Frequently as I look at recipes from the past, and think about what my ancestors in aprons had in their kitchens, I realize how different our staples were. What things would grandmother and great-grandmother have in their kitchen that I no longer think of as necessary?
Tapioca–before the 1900’s old-fashioned ball tapioca, and after that, Kraft Minute Tapioca® in a small red box. Tapioca went on the market in 1894, and you can read the history of Minute Tapioca here.
My mother always had it on her shelf, as did my grandmother, I imagine. So did Agnes Badertscher (Ken’s mother.)
Ken loves rhubarb pie, but he has been after me to make it his mother’s way, thickened with tapioca, so I delved into the comfort food of old–tapioca. Besides making a nice, bland, comfortable pudding, tapioca is handy for thickening all sorts of things.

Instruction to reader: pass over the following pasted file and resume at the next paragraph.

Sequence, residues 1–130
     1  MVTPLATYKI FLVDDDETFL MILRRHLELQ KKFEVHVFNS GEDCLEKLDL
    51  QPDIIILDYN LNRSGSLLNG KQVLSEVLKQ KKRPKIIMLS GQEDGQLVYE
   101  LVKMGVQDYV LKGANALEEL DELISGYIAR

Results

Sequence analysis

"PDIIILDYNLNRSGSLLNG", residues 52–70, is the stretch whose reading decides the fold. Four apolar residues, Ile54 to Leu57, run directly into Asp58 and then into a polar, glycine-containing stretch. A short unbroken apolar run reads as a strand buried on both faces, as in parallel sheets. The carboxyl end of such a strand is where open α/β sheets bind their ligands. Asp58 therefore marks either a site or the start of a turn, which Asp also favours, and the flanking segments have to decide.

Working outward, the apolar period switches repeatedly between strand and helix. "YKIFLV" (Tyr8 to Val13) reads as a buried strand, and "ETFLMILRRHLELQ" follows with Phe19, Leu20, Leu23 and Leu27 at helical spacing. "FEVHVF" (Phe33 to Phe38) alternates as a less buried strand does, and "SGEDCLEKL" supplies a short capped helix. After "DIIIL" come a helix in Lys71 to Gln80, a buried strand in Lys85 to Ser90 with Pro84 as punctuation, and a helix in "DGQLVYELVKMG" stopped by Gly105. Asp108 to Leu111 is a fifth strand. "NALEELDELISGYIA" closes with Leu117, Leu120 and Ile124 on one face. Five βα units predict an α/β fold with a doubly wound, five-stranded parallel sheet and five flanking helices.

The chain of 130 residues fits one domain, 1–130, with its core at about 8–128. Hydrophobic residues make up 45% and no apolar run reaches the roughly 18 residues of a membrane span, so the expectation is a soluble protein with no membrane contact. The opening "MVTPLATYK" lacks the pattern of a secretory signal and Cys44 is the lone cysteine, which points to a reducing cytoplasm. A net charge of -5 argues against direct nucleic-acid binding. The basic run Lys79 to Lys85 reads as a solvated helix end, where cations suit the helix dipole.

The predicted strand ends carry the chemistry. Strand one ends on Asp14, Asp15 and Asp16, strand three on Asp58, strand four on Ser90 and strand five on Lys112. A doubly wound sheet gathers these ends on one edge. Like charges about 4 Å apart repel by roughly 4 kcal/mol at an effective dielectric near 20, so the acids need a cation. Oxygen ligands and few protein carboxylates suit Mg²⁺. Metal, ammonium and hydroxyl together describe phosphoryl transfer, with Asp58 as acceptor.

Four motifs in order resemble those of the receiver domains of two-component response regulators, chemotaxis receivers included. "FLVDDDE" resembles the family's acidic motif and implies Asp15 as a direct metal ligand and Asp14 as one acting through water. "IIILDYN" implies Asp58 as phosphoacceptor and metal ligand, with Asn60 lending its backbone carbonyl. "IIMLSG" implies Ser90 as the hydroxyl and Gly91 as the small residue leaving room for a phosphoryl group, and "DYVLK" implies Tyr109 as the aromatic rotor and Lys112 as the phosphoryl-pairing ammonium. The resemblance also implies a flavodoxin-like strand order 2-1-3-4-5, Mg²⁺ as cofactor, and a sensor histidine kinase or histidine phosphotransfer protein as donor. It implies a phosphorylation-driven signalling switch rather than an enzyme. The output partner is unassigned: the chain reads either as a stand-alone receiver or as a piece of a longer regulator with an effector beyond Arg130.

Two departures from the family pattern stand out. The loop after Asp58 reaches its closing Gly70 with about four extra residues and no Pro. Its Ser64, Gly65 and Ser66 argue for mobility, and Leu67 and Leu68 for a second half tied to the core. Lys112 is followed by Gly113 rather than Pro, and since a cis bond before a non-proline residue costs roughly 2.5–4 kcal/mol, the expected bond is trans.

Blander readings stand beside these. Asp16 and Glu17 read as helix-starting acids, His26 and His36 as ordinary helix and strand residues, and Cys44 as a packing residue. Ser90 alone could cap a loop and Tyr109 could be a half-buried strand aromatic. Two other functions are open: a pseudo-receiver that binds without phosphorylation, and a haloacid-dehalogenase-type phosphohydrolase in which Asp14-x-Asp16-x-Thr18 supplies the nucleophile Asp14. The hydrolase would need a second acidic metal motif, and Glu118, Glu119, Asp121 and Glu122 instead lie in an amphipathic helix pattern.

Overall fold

I made a rhubarb-strawberry pie by accident. Because it turned out the farmer’s booth at the farmer’s market did not have enough rhubarb for a pie, I had to stretch it with strawberries. But I used Minute Tapioca for the thickening instead of flour, for the first time. And it was great. Agnes Badertscher’s way of making rhubarb pie has won me over.
I’m pretty sure that Agnes, as well as my mother, would have initially used the recipe on the package, which has not changed, so I used the Minute Tapioca which has not been a staple in my kitchen for a very long time, and tweaked their recipe just a bit. Be sure to use the perfect pie crust recipe.